I could see the tears in my friend’s eyes, despite the dark and starry sky above us. It was late, nearing midnight. We were standing in the middle of the park in our town on a late summer evening.
“So we’ll start tomorrow?” she said.
“Yeah,” I smiled at her. “Tomorrow.”
We’d made a pact. We promised to pray for each other’s future marriages for the following fifty-three days. Even now, I cringe slightly as I write this. Singleness and marriage is a bit of a tender and vulnerable spot for me.
But we were faithful to that pact. For fifty-three days we prayed. We swapped text messages about what we felt God was saying to us about our future marriages — how He was speaking through dreams and words and verses.
I clung to Philippians 4:6-7, “Don’t worry about anything; instead, pray about everything. Tell God what you need, and thank him for all he has done. Then you will experience God’s peace, which exceeds anything we can understand.”
I took that verse literally and started to pray about everything (or at least as often as I could remember). I prayed about my day job, COVID-19, world leaders, the weather, my friendships, meal plan ideas, and my friend’s and my future marriages.
In those fifty-three days, I saw God move in numerous ways. Friends had dreams and visions about me. Each day I felt God increasing my faith. I prayed bold, specific prayers, unlike ones I’d prayed before. I encouraged my friends to pray bold, specific prayers too.
I wrote everything down in a notebook, recording what Jesus was revealing. It’s not that God wasn’t moving before those fifty-three days, but I was finally opening my eyes to see Him, telling Him about small things I never thought He’d care about. (At one point, I asked Jesus to help me get rid of the stain on my couch. I was taking the suggestion to “pray about everything” seriously.)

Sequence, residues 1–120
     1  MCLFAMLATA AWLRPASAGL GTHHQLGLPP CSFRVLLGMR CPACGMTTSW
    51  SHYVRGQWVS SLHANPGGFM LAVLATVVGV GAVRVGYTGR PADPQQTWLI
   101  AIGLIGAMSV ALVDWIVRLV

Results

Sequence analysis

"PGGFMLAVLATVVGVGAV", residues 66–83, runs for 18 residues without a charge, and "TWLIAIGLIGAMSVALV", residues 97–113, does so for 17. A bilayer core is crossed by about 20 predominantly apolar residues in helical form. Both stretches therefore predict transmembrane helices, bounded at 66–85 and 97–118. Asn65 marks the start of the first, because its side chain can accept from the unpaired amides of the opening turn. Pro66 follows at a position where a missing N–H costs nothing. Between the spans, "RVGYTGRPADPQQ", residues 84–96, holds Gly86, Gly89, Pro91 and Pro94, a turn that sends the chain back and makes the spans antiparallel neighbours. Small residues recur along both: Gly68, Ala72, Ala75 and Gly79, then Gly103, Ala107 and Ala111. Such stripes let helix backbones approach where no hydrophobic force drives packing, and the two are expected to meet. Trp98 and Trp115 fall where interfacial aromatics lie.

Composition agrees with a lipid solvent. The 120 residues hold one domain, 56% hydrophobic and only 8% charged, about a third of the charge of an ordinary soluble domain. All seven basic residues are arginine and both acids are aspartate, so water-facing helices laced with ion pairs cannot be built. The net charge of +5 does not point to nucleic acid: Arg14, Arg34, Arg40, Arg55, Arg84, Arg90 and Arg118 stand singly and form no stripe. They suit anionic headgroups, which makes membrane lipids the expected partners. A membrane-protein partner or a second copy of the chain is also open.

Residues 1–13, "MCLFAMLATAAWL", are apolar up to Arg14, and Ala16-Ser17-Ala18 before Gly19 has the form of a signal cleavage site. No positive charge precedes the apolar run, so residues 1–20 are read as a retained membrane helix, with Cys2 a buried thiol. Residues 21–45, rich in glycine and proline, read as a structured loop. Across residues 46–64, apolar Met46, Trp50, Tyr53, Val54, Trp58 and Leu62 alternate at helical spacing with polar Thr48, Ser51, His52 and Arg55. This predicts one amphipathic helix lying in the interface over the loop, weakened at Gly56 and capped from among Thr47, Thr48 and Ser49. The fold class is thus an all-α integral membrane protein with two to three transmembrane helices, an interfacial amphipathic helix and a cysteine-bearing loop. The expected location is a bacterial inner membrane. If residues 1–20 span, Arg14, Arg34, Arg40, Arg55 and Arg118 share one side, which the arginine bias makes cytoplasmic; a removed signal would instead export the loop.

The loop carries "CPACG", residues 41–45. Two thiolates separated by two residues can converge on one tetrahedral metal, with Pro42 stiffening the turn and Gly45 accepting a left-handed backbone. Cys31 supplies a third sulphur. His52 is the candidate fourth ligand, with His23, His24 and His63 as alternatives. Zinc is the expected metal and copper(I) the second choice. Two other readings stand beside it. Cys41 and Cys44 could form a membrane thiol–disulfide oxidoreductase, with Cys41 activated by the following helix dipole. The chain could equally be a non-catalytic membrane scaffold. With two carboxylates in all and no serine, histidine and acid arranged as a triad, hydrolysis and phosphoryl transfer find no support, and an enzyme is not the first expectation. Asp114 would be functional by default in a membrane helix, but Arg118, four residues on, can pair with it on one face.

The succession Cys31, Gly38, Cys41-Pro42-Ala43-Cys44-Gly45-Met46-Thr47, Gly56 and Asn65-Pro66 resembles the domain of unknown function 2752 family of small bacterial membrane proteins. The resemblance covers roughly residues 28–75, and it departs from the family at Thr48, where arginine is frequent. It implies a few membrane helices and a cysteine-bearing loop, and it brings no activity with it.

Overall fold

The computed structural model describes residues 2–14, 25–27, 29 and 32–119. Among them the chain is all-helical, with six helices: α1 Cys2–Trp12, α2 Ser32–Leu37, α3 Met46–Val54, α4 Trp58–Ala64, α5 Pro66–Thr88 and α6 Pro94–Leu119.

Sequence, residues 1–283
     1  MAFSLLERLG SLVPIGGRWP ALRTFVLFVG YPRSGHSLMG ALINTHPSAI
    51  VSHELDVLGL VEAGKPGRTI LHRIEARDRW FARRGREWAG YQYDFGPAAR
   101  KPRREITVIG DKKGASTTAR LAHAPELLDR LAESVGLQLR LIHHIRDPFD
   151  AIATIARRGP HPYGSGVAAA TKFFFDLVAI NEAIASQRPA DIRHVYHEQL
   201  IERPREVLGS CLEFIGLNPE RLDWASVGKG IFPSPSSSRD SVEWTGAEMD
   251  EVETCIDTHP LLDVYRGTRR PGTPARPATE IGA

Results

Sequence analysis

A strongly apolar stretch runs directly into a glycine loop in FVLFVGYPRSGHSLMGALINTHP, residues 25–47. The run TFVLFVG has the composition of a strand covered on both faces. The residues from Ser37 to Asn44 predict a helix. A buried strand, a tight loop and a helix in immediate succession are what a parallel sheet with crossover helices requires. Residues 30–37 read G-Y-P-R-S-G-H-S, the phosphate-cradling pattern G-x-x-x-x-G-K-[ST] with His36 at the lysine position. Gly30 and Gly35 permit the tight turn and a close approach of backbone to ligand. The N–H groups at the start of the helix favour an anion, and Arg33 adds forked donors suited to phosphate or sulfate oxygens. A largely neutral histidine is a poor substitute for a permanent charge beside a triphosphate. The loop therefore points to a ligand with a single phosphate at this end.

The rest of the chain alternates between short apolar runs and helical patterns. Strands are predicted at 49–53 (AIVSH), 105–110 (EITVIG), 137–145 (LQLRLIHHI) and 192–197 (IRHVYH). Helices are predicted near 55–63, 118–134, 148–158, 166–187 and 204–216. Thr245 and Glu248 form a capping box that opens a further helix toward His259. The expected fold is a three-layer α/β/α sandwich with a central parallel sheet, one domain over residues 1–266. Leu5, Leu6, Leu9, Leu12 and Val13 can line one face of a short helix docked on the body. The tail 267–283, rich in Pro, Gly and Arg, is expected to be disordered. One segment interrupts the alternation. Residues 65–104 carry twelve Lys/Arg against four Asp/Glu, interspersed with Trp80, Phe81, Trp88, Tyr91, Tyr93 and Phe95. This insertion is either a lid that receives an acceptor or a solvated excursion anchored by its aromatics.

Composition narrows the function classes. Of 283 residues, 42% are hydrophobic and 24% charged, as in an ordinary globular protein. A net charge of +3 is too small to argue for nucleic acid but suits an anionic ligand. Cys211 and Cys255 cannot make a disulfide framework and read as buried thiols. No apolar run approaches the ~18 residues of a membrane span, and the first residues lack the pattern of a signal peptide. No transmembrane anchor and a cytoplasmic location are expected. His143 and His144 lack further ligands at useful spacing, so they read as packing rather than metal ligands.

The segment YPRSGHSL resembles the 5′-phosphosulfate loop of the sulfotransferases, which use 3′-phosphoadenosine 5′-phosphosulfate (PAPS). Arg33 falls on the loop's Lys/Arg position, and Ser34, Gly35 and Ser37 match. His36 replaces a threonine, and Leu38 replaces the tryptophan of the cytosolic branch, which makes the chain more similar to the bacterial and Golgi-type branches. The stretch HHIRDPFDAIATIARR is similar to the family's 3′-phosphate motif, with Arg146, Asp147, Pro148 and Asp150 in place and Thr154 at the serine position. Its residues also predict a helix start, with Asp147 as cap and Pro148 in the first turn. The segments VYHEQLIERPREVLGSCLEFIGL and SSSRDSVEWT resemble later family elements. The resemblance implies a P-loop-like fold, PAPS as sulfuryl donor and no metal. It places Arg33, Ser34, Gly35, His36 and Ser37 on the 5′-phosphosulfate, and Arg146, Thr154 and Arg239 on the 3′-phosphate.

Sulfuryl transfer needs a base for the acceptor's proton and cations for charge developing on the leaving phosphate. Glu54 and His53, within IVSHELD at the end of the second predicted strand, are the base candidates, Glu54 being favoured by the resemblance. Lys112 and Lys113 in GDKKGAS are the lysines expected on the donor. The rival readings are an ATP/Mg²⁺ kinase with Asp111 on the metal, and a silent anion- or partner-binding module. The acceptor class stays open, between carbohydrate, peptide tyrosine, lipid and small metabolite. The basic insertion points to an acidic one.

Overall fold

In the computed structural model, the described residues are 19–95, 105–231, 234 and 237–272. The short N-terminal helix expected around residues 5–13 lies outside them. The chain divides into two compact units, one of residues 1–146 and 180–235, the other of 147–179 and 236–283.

I read Jesus’ words in the book of Matthew over and over, about asking and seeking and knocking, and I held tight to His promise that God is a good Father who loves to give good gifts.
When the morning of Day 53 arrived — the last day of our prayer pact — I woke up excited. I was expectant. I confidently asked God to provide an opportunity for my friend to meet someone before the final day of our pact was over. I thought about how God parted seas and walked on water — surely He could introduce my friend to a kind and godly man. By the end of the day, I fully expected my friend to text me and tell me she was going on a date.
But Day 53 came and went. Radio silence.
I was puzzled. I woke up the next morning, aware that our pact had finished. But I prayed again, for her and for me.
I prayed the same thing the next morning. And the next day. And the next.
I’ve lost count now. I don’t know how many days I’ve been praying.
But yesterday, I prayed again. Then I sighed, audibly, and said out loud to my friend Jesus, “Aren’t you annoyed that I keep beating this same marriage drum over and over and over?”
Immediately, I felt like I could hear Jesus chuckling. Then I heard Him — softly, kindly, and with a touch of humor — say, “Keep beating that drum, dear one.”
I sat in silence, His words repeating in my heart and head.
Keep beating that drum, dear one.
Jesus wasn’t annoyed. He isn’t tired of me asking Him for a good and godly marriage, praying for hundreds of days in a row. I’ll be the first to admit that I don’t fully grasp how prayer works — how some prayers seem to be answered immediately and others take months or years or decades.
But I do know we aren’t ignored by God.
I do know that faithfulness and perseverance and persistence seem to be consistent themes in the stories Jesus spoke about prayer. I do know that God is a good Father, who loves to give his kids good gifts.
So the drum you’ve been beating for days or months or years — for a good and godly marriage, a healthy body, for your child to love Jesus, for a baby or a job? I say this with a smile and all the love in my heart for you:
Keep beating that drum, dear one.
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